The hard to reach living room drapes are now RF controlled - the professionals wanted too much so I did it myself. On the other hand, these days I usually call a 'professional' if work is needed (and unfortunatly these days they usually need close supervision and I even sometimes need to supply tools that they forget to bring).
    Last edited by Verify; 17th Aug 2010 at 01:53.
    Andrew Jackson: "It's a poor mind that can only think of one way to spell a word."
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  10. Member olyteddy's Avatar
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    I do it for a living.
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  11. Originally Posted by olyteddy View Post
    I do it for a living.
    Ha, me too.

    Electrical concepts are often described in terms similar to plumbing, i.e. volts as "pressure", amperes as "flow". Neither is hard to understand, but involve a lot of boring labor. Plumbing, as you may imagine, is unpleasant when dealing with waste pipes.
    Pull! Bang! Darn!
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  12. Member hech54's Avatar
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    Bob Villa is great at hiring people to do work....that's about it. I'm tearing apart my bathtub drain today(my wife's hair is like rope). I can do almost anything when it comes to "around the house" stuff.....and like Smurf I TRY to avoid electricity at all costs...but I still do it occasionally.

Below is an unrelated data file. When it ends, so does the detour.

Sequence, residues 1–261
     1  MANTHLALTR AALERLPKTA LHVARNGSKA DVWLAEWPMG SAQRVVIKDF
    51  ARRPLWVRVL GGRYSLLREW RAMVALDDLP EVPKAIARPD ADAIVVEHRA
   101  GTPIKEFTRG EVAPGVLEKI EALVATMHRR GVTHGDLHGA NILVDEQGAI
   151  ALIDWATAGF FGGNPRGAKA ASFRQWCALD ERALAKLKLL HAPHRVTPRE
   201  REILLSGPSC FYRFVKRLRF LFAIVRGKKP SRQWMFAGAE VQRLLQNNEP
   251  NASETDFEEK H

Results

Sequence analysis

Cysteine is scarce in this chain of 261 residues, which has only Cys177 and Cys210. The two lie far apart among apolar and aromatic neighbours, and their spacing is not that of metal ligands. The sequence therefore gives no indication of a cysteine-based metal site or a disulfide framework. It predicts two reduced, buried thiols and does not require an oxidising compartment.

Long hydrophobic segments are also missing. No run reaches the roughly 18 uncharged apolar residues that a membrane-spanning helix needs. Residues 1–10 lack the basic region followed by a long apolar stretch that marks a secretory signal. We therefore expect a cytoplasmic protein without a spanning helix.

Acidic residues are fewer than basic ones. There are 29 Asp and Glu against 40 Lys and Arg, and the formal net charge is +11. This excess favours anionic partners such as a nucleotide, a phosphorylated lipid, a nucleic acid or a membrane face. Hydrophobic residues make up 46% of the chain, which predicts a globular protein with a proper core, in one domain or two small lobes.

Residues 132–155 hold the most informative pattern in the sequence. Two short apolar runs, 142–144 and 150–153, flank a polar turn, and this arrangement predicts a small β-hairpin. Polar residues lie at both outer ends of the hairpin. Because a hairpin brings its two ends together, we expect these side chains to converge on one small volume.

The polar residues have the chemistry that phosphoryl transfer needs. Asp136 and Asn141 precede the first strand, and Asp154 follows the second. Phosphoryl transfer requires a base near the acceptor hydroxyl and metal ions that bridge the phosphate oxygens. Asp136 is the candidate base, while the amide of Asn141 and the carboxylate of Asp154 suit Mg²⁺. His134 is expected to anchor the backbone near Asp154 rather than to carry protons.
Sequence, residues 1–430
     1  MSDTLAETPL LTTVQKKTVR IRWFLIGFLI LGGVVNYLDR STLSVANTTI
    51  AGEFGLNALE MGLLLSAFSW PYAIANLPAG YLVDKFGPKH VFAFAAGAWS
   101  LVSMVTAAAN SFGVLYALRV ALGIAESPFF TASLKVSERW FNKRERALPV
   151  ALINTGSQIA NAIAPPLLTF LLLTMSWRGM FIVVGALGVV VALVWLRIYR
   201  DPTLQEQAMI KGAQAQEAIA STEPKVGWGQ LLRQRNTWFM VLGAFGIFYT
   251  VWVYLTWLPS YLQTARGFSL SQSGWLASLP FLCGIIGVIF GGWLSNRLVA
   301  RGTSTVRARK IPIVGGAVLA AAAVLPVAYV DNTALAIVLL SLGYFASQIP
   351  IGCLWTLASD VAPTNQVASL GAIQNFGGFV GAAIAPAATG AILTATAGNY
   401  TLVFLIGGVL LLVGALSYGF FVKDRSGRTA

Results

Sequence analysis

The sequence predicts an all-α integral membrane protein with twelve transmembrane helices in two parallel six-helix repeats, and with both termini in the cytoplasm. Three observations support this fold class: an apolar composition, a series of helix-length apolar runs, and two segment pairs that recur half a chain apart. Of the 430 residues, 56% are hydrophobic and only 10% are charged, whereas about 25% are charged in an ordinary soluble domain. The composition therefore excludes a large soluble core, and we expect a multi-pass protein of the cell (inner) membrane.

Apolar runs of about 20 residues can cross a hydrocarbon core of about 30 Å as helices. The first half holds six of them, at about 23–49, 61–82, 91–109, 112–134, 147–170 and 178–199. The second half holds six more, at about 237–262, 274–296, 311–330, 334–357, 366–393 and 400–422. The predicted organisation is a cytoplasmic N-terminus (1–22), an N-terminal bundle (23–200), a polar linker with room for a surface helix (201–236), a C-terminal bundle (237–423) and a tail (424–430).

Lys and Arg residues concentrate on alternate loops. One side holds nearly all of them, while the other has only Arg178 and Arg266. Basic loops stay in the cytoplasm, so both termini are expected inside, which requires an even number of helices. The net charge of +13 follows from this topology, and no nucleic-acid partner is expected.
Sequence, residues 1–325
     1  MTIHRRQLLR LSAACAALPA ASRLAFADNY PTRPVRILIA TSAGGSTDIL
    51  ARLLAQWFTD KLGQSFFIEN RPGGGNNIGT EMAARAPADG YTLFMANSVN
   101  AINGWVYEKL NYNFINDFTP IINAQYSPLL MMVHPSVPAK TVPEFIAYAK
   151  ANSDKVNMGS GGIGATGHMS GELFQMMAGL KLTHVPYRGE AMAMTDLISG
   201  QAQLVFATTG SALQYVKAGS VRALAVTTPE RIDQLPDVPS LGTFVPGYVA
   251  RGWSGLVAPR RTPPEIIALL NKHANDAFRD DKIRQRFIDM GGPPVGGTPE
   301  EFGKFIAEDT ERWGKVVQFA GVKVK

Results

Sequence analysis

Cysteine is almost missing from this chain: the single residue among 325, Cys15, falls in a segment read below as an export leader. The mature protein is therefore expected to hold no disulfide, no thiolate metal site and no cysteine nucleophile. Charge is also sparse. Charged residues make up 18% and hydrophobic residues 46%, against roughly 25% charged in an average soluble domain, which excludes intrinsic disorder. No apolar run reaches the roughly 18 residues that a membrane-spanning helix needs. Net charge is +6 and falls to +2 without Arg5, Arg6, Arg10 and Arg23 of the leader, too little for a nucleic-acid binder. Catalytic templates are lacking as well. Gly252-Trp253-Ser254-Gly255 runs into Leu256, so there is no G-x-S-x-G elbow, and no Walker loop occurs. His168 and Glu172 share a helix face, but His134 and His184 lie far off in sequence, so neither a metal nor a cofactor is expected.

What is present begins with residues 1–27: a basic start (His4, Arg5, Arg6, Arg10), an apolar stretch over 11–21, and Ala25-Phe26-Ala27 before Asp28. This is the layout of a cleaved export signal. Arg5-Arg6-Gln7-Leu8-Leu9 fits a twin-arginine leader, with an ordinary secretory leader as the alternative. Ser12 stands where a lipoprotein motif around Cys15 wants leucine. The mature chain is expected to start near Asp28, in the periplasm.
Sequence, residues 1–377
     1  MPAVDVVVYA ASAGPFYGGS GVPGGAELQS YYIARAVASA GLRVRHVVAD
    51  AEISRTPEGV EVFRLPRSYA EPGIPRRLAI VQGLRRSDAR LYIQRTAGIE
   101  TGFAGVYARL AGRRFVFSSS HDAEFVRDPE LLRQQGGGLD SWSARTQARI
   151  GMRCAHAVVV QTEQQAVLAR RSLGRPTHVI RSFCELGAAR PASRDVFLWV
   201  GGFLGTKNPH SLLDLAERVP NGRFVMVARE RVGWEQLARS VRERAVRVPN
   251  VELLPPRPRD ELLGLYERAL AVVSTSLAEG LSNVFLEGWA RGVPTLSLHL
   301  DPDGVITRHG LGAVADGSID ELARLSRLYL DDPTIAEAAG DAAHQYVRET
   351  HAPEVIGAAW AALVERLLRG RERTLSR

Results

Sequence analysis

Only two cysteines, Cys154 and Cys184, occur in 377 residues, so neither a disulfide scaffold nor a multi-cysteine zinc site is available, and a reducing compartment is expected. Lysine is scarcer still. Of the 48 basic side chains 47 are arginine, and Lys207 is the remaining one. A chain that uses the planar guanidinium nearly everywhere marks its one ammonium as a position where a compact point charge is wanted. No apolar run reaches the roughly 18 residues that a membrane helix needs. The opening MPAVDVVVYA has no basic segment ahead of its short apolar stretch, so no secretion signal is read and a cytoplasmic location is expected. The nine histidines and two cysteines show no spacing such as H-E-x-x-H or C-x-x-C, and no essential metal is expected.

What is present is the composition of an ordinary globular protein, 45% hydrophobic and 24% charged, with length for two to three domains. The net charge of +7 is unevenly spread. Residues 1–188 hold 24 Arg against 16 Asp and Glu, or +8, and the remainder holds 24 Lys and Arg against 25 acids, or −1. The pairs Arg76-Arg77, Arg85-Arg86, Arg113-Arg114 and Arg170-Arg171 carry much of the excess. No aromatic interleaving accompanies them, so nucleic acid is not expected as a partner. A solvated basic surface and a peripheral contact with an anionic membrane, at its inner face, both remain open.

I heard a great saying about electricity:
    If it can hurt(kill) me, and I can't see it coming to hurt me...I ain't messing with it.
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  13. Member
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    I'll tackle the what I consider the basic stuff: Paint, wallpaper (NEVER again...), minor electrical, minor plumbing, minor woodwork, cabling/networking, pc work. I can add hardwood flooring now. Hard work but very rewarding. Some things I've never done before but find that they're not so bad once I've finished. In general, the jobs are easy enough, its learning all the little shortcuts/timesavers that the experienced people have. Replacing toilets, garbage disposals. I hire out new electrical work that needs new wiring. Recently hired out my roofing.